Chrome OS is initially targeted at netbook computers but it's anticipated it will spread to more mainstream computing devices as time goes on. Like Intel's Moblin OS, Chrome OS is a proof of concept that will use the hothouse environment of netbook computing to grow and mature.

I'm reasonably sure that Chrome OS will offend the open source community. There may even be a major reaction against it. You might not see open source luminaries picketing the Googleplex (although I wouldn't be surprised), but there will almost certainly be a handful of inflammatory blog postings, and some very hot collars.

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Thursday, July 9, 2009

How Open Source Is Growing Up

There is no doubt that free technologies, mainly open source software, are proving more popular both inside and outside the computer industry.

Behind this growing acceptance is a non-commercial movement of independent developers that are putting together the open source software that anyone can use.

Paul Allen, editor of ComputerActive magazine, said the defining feature of open source software was that the set of tools and systems were developed by enthusiasts rather than big companies.

But he added it should be treated as "free thinking rather than a free lunch" because it is not always free of charge.

Out of this movement have come fully-fledged programs, such as Open Office for e-mail, spreadsheets, word processing and presentations, and VLC for video, that were put together for free by a community of people.

"The entire source code for the software is made available to the community and anyone can modify it," said Phil Andrews from open source software provider Red Hat.

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Friday, July 3, 2009

Microsoft Weighs Next-Phase In Open-Source Support

Microsoft's, shall we say, cautious engagement with open-source could mean frameworks like Spring and Hibernate are the next projects tuned to Windows.

Sam Ramji, director of the open-source development lab, in a recent interview pointed to the rise in what he called "micro frameworks" and their importance.

"It's something we have to be a lot closer to," Ramji told The Reg, noting Microsoft had held talks with the SpringSource company and "a couple of their other folks."

Ramji also hinted at deeper work in areas already visited by Microsoft, specifically in the realms of Apache and on PHP.

"There's a lot more work to do with Apache for sure. There are open-source communities like SpringSource we have to do a lot more work with - they have really rich Java and .NET sides. There's a lot more work to do with the PHP community. A lot of what we are into now is we've built up some great opportunities we can now cont to get deeper in," he said.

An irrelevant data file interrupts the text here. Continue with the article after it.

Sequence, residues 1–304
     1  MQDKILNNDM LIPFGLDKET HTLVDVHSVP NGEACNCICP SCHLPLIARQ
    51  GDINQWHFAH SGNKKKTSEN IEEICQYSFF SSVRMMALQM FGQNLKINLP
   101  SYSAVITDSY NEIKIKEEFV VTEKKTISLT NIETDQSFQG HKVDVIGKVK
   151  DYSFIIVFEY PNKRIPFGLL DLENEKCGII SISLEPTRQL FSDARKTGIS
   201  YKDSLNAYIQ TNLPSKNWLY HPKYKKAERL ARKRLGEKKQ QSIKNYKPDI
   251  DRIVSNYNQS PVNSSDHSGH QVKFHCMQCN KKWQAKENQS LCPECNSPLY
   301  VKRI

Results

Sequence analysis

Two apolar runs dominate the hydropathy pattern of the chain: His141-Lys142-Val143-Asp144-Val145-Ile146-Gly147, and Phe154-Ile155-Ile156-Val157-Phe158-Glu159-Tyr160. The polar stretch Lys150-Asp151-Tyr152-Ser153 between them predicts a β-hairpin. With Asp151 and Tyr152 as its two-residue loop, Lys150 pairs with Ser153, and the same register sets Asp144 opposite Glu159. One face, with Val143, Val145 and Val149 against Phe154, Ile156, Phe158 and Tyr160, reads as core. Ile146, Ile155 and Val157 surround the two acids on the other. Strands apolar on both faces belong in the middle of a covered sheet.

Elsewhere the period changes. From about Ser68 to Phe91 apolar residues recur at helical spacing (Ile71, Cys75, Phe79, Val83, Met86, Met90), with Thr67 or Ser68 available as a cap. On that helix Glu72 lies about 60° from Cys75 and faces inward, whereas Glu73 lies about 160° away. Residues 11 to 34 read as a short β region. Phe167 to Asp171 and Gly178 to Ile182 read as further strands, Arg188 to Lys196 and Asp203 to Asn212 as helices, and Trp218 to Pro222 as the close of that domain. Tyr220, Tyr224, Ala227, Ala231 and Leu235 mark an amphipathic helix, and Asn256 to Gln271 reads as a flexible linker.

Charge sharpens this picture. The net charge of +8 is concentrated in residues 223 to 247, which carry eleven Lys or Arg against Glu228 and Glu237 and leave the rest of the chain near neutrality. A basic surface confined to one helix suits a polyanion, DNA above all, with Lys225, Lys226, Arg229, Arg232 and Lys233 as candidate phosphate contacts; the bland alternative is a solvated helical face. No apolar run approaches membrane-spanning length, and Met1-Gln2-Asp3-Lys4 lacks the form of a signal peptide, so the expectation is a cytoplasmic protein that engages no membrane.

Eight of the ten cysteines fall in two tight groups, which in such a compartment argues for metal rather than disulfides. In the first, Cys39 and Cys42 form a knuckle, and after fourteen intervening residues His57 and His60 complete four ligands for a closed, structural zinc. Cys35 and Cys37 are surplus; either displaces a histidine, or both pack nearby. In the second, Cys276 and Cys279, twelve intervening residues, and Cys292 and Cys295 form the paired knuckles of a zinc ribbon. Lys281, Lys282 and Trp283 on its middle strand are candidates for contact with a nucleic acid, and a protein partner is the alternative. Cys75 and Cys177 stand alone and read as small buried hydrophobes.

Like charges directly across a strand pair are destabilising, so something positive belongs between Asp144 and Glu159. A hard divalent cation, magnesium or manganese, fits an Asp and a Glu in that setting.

Ramji did not get into details.

Spring founder and SpringSource chief executive Rod Johnson separately pointed to areas for improvement between the ubiquitous Spring and Windows.

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Thursday, July 2, 2009

223 Million Smartphones with Open Source by 2014

According to a recently published report coming from telecom consultants Juniper Research, the number of mobile phones that will be shipped on the market running under an open-source platform is expected to more than double by 2014, reaching 223 million units, up from the 106 million shipped this year.

The firm also says that open-source operating systems, coupled with the applications they carry, are playing an important role in the process of differentiation between new smartphones. At the same time, it seems that the platform present on the mobile phones is a key factor that determines the customers' options when choosing a new device.

As many of you might already know, Symbian has started its move towards becoming open source, which marks an important shift in the mobile operating system market. Moreover, another important step in the area has been made by Apple with the release of its App Store, an innovative move that started a trend in the market and also attracted a lot of users.

The research firm also says that the migration towards open source in the OS area is also an encouraging factor for developers, which come to display attractive applications. At the same time, the fact that more than 60 percent of the OS market is open source can be seen as a means to open new doors for innovation.